Tamassos’ main claim to fame was its once seemingly endless supply of copper – the mineral from which the name of Cyprus (Kypros in Greek; Kıbrıs in Turkish) is derived. A copper-producing settlement here dates from at least the 7th century BC, and production ran well into the Hellenistic period. Excavations of the remains of the citadel began in 1889 and, around this time, two tombs dating back to the 6th century BC were discovered, which today comprise the site’s major attraction.
Ancient Greek poet Homer apparently mentioned Ancient Tamassos in The Odyssey, where it is referred to as Temese. The goddess Athena says to Odysseus’ son, Telemachus: ‘We are bound for the foreign port of Temese with a cargo of gleaming iron, which we intend to trade for copper.’ The site of this otherwise obscure and little-known city-kingdom is on a small hillside about 17km southwest of Nicosia next to the village of Politiko.
It is thought that the tombs probably contained the remains of the citadel’s kings. Looters have long since spirited away the rich burial treasures that may once have been buried here. You can even see a hole in the roof of the larger tomb showing where grave robbers broke in. The walls are unusually carved in such a way as to imitate wood – a feature that some archaeologists have linked to a possible Anatolian influence at the time of the citadel’s zenith. Some theorists suggest that Tamassos was even part of the Hittite empire.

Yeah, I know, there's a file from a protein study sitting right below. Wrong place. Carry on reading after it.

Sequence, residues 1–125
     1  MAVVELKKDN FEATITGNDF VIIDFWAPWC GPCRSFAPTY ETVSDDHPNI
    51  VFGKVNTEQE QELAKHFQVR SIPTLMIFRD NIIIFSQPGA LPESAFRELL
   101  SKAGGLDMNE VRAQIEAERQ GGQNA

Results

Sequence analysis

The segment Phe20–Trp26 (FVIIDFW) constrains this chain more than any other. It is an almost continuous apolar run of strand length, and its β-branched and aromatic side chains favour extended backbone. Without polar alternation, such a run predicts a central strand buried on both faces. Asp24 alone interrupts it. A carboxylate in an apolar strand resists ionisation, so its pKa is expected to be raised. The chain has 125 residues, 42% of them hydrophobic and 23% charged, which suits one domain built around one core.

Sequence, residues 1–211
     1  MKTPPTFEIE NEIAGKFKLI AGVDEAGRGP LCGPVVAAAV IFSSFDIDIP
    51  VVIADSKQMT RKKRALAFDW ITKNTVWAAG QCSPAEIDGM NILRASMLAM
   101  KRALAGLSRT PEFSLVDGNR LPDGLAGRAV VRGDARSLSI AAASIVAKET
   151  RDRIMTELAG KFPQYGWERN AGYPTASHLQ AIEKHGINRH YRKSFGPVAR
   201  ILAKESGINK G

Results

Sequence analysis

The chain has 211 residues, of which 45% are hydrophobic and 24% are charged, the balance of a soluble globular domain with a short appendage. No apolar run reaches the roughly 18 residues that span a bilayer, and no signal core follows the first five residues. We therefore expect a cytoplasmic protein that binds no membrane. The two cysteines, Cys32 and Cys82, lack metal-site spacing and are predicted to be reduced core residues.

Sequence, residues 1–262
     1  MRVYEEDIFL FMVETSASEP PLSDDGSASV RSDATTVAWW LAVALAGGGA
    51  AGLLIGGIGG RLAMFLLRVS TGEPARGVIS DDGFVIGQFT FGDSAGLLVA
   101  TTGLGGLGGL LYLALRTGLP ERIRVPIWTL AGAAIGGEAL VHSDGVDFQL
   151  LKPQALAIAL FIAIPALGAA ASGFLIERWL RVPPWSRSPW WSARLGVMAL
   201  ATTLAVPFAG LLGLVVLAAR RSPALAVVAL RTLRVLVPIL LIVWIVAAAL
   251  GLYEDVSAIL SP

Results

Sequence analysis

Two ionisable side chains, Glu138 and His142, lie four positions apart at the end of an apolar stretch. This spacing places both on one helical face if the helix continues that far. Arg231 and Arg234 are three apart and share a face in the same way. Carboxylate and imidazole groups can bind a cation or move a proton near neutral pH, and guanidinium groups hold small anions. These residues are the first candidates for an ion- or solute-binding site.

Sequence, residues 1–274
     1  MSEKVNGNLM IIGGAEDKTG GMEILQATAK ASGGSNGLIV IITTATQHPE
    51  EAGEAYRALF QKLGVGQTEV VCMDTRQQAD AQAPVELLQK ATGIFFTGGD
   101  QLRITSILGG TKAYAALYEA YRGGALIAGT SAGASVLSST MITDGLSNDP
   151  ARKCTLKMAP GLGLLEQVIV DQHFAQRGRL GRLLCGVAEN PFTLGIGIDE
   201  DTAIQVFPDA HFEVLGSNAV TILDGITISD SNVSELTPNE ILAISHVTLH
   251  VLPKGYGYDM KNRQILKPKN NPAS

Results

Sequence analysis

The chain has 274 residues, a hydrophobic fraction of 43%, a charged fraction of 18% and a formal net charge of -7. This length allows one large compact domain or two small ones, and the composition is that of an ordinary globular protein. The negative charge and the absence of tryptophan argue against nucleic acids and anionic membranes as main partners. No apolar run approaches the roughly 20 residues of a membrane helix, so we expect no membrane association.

Among the discoveries unearthed by archaeologists on the larger site are three limestone lions and two sphinxes, which are on display at Nicosia’s Cyprus Museum and a magnificent bronze head of Apollo, now in London’s British Museum.